We don’t birth great things, we raise them
— Zoë K.M. Foster
If you’ve ever created something – especially to the point of finished (finally!), edited/reviewed and released to the world for use/ consumption – then you know what it takes.
I’ll bet you know what it takes multiple times over, and I’ll also bet you have at least twice as many projects neglected or shelved as you have actually ‘birthed’ and fully released.
Am I right?
I was reflecting on this last Sunday morning as I squirrelled down under the covers, enjoying every ounce of my lie-in. Quarantine has intensified my feelings about mornings: on the one hand I’m crazy happy not to be at the mercy of the school run, but on the other hand my cortisol levels are just waiting for the sibling riots to begin my day, and I don’t relish those one iota…
Know what I mean? Who else has been found hiding from their kids at every possible opportunity during lockdown?
But in that selfsame moment last Sunday as my cortisol started to rise and I found myself edging into High Alert – ears pricked for the telltale signs – I suddenly found my whole being flood with love.
Those damn kids are the light of my life. They fill my heart and soul to the brim, and I would literally die for them.
But MY EFFING GOD they are hard work. The hardest work of all. And there are times when I really do want to give up and run away (I’ve got it on pretty good authority I’m not alone in this, so please don’t call social services). And there are also times when I wonder why we put ourselves through this and HOW in the universe does the human race actually keep expanding?
Birth is commonly referred to as – let’s say – tricky. Epic even. Traumatic for some (too many sadly), and incredibly challenging for the rest. From my own experiences – each very different – I can assuredly say that giving birth is an alchemical portal which demands change on every level. It requires equal quantities of surrender and trust in our own abilities.
This is why it’s so very apt for the writer to say they are birthing the book, the entrepreneur to be birthing that project, and for the activist to be birthing a movement. These things take bottomless vats of persistence, faith, courage, self-belief, resilience and the ability to surrender to the process – whatever that entails.
But with kids the work doesn’t stop after the birth! In fact it mutates, grows and creates new challenges every-single-day – and there are NO HOLIDAYS when it comes to parenting! On sleepovers and date nights, we’re still discussing and worrying about them. The energetic ties are strong.
As all of these musings flooded my being last Sunday morning, I suddenly felt great shame for giving up on my soul’s work so readily. All those projects I’ve shelved, procrastinated on, never finished or never even started – all because it seemed ‘too hard’…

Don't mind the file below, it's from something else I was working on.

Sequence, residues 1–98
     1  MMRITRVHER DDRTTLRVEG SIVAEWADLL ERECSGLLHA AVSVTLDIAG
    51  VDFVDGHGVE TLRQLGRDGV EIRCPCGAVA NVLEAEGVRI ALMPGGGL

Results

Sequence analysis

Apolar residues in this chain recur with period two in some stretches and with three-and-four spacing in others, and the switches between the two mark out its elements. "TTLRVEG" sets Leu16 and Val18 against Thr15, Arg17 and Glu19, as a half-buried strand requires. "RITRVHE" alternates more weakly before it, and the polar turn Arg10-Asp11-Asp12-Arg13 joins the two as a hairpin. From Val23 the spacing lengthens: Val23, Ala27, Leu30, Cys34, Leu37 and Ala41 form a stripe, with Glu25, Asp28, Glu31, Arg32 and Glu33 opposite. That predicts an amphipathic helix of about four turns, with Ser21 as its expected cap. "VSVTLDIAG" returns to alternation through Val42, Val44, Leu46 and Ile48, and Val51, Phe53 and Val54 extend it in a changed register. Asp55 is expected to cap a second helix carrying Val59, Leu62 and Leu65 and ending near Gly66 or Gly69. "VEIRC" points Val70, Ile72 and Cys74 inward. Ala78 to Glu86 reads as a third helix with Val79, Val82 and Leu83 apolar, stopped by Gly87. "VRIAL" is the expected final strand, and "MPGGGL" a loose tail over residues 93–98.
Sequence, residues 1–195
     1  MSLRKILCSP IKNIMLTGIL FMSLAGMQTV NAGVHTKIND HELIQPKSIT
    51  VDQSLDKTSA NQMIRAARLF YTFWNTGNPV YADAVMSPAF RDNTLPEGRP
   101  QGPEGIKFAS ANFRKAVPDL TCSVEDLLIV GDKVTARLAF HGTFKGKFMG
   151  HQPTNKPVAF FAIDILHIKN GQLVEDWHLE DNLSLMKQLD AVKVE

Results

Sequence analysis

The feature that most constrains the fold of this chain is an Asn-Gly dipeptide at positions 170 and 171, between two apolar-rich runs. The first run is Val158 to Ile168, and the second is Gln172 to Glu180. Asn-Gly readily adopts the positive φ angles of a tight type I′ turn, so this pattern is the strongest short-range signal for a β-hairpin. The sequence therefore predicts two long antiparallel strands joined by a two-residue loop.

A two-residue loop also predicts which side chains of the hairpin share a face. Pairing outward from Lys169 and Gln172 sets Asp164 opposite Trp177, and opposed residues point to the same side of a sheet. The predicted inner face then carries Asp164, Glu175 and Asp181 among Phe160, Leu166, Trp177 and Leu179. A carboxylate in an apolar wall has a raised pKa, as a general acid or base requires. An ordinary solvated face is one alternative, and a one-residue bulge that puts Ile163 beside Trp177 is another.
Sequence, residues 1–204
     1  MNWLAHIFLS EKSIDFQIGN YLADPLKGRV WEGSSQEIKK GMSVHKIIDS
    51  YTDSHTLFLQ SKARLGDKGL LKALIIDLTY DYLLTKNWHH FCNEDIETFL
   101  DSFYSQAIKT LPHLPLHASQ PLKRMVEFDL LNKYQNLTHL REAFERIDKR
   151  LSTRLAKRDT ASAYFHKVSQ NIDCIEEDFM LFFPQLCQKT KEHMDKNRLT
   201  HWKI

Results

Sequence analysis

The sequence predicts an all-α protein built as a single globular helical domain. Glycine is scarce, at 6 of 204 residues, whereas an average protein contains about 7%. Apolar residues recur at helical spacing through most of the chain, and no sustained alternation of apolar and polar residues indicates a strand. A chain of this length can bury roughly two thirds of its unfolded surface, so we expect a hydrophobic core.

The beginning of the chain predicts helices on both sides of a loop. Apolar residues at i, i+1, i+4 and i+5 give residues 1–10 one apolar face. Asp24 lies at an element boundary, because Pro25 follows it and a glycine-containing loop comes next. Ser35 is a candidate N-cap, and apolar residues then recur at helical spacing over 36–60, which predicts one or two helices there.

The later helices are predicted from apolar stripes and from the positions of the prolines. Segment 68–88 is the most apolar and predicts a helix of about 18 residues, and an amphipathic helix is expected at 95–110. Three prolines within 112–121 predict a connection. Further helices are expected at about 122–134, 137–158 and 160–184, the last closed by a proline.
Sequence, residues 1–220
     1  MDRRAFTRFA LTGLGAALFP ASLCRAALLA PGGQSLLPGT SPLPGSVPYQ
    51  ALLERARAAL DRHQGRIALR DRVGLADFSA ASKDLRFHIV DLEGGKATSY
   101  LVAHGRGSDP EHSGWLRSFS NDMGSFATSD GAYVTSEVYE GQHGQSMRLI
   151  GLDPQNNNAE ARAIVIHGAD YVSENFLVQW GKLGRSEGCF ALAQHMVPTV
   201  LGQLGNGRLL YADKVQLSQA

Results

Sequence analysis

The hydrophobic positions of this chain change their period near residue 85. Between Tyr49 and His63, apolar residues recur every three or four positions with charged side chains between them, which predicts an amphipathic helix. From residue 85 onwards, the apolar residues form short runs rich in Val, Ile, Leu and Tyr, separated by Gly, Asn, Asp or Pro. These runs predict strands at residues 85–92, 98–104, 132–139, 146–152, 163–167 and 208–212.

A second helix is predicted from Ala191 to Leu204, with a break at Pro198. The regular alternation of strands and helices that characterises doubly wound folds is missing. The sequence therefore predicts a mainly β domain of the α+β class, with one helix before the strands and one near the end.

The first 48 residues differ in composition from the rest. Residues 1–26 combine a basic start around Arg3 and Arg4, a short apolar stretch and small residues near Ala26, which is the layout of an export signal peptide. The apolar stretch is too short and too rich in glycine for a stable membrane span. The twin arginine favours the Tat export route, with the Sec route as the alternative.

Yet we’d never give up on our kids – you and I – would we?
As much sleep as we lose, as much time as we give (and give and give), as much emotional Twister that we play over and over and over – we never give up on our kids. Because the payoff costs too much for our souls to bear.
Yet we are so ready to give up on ourselves, and the payoff is every time another little piece of us dies inside.
And I realised, within that love-flooded bubble I found myself in (still in the first few moments of waking), that we don’t “birth” our soul’s work. That’s just the hump right at the beginning – and sure, sometimes we don’t even reach that part, right?
But those projects we believe fiercely in? Those projects that ignite our core selves and make us feel fully alive when we’re in the thick of them? Those projects which aren’t mere ego experiments but real, energetic expressions of our guiding light?
Those projects deserve to be raised. Day after day, week after week – for years, decades, whatever it takes! There will be times for sure when you feel like you “Can’t do it anymore” and when you feel like the worst soul-project parent in the world. There will be times when you are judged harshly, criticised, and maybe even have the police round for a concerned chat. These are all rites of passage, not reasons to give up.
We have such a skewed view of failure and success right now. It’s either-or in our minds (“Oh SHE is so successful!” and “Geez, he failed majorly at that”) and when we think about it for ourselves, we often never actually let ourselves feel the successes. Which automatically, in this polarised view, makes us failures.
WOW!! Read that one again because it’s incredibly powerful. Stick it on your wall folks, because here’s the truth:
We are all failing and succeeding every day.
— Zoë K.M. Foster
Let’s not allow our bipolar view of success to get in the way of raising our dreams. Our soul-projects need us just as much as our kids (non-parents: insert fur-babies, elderly or ill dependents, and long-term partners here instead).
Let’s not give up at birthing our creative masterpieces; let’s RAISE them every damn day.
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